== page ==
Givet (The mild Meuse )

The Meuse twists and turns, crossing the Ardennes massif once more before entering Givet. The valley widens, bathed in light, with the imposing Charlemont Castle towering above it.

À Givet

A - The Meuse valley

Leaving, leaving, leaving Charleville, this is what the young Rimbaud wanted. In 1863, the railway crossed the steep-sided Meuse valley: it went where the Industrial Revolution was unfolding, to Revin, Fumay and Givet. Rimbaud jumped on the train and into progress. He was to see this fabulous machine pass beneath the mountain of the Four Sons of Aymon and cross the Meuse over huge viaducts.


These days, it is possible to cycle from Charleville to Givet along one of the loveliest green paths of Europe (open to non-motorised vehicles). You can return by train, if you wish, along this same line that carried Rimbaud towards his dreams of escape. Bicycles can be taken on the trains free of charge.

À Givet

B - A “daughter of the Meuse” to be defended

Lying in the broad Meuse valley, the small town of Givet has linked its destiny with this river. A commercial waterway, in the Middle Ages the Meuse quickly took on a strategic importance. Whoever held sway over it was master of the economy in northern Europe. So Givet became a fortified town! In 1554, Charles the Fifth had a major fortification built here, Charlemont fort. He defied the hegemony of the King of France, Henri II. In the 18th century the inevitable Vauban, architect of King Louis XIV, came to Givet, which had become French by then, to erect a gigantic defensive system around the town. The fortifications, garrison forts and moats were to surround the town, making it impregnable.

Guided tours of the town and its fortifications provided by the tourist office.

À Givet

C - Walking

Walk. The Mont d’Haurs circuit

There’s nothing quite like climbing to realise the power of the citadel. On the opposite bank, as you ascend the Mont d’Haurs, the bastion is revealed in all its vastness. From the Grégoire Tower, the circuit runs along the perimeter of this camp which could accommodate 20,000 men and over 3,000 horses: beneath their feet, a whole subterranean network was established. Givet was able to withstand any siege at all! These days, it has regained its tranquillity, becoming a nature reserve rich in chalk grassland.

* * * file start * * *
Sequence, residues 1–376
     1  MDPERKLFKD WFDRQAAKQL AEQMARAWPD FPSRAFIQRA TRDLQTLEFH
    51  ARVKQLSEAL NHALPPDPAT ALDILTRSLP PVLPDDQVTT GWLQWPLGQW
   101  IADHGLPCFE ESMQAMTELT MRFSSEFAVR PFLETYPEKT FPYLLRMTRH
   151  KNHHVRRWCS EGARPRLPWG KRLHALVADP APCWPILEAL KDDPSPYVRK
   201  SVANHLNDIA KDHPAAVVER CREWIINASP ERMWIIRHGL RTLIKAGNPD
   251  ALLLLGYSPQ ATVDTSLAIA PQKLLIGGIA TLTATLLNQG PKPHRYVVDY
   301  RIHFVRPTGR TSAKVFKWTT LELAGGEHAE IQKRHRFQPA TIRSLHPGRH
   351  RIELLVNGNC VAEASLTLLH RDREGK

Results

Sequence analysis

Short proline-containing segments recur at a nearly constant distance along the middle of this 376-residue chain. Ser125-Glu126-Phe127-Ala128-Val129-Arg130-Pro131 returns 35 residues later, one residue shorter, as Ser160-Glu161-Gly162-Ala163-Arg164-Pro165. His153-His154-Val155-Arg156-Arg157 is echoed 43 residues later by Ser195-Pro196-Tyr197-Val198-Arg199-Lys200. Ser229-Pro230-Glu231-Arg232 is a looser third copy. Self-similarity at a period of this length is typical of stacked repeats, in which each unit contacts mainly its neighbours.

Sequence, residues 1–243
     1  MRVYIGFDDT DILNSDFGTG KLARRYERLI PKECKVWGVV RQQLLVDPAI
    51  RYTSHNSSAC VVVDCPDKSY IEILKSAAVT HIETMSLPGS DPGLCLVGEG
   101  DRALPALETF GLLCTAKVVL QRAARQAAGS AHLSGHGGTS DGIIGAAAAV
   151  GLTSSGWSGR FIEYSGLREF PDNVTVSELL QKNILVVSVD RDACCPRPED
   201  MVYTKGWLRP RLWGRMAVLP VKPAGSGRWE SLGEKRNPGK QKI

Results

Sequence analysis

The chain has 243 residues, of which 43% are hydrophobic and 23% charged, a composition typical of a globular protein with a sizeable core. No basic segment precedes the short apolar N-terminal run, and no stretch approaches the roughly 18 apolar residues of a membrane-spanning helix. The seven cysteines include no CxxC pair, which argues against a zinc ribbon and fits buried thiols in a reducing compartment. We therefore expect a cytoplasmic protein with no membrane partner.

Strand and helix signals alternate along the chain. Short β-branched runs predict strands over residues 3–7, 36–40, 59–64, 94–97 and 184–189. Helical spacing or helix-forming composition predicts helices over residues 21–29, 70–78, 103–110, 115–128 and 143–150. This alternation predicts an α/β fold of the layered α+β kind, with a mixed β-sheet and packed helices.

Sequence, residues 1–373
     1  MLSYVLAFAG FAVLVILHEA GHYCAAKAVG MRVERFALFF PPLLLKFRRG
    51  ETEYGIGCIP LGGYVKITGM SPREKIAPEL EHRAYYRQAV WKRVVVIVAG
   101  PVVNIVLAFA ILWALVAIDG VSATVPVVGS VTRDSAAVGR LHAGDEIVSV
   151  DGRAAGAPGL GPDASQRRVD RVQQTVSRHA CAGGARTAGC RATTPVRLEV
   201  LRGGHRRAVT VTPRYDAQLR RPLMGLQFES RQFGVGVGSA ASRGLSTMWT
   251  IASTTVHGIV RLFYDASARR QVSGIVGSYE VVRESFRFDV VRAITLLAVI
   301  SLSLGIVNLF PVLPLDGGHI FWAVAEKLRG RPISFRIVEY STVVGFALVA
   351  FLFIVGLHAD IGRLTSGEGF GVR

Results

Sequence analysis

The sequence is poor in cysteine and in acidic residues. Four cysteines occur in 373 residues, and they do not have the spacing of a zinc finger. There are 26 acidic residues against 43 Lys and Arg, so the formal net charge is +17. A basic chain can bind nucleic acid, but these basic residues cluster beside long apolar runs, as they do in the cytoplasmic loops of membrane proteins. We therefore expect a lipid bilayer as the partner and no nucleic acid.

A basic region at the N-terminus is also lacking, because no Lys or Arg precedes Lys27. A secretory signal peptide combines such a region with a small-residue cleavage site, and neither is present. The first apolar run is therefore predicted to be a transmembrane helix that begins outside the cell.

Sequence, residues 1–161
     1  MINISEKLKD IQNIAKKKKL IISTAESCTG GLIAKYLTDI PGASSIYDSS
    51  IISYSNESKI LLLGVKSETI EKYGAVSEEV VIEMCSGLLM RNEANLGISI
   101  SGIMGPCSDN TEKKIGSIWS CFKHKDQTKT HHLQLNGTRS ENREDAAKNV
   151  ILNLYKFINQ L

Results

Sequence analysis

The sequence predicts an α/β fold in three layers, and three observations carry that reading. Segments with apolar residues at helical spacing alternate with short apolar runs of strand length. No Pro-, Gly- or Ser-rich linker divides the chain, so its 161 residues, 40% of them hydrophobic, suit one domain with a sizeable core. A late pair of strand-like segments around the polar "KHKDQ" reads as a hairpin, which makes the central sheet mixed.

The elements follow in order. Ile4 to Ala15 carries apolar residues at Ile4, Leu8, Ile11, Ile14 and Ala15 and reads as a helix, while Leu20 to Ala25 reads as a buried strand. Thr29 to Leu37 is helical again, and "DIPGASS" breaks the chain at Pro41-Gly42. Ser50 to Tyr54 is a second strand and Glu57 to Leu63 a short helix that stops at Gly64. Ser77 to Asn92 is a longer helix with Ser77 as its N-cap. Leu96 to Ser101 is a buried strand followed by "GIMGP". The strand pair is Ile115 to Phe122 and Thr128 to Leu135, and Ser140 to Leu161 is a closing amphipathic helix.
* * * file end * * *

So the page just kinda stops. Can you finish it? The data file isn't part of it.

Practical details

Distance: 4 km

Waymarking: yellow

Difficulty: easy

Duration: 1h30

Start: From the Meuse bridge, go to the Grégoire Tower along the quays.

-> Discover the GPS system

To go further afield

Topo guide, The Ardennes on foot, published by the French Hiking Federation. Walk No 11

Did you know?

Givet was ideally situated on the axis of the Saint-Quentin – Cologne Roman road: a bridge was built across the Meuse from the 12th century. The inhabitants coveted this strategic passing place. Taxes levied on goods in transit enriched the city: markets and three fairs were organised there every year.

À Givet

D - Meet and savour

Auberge de la Tour

(Ardenne de France label – Master Restaurateur title)

À Givet

E - Reception and tourist information site

Tourist information point of the Office de Tourisme de Val d’Ardenne Tourisme (Givet branch)

near the Tour Victoire

on the quayside

08600 Givet

Tél. : +33 (0)3 24 42 92 42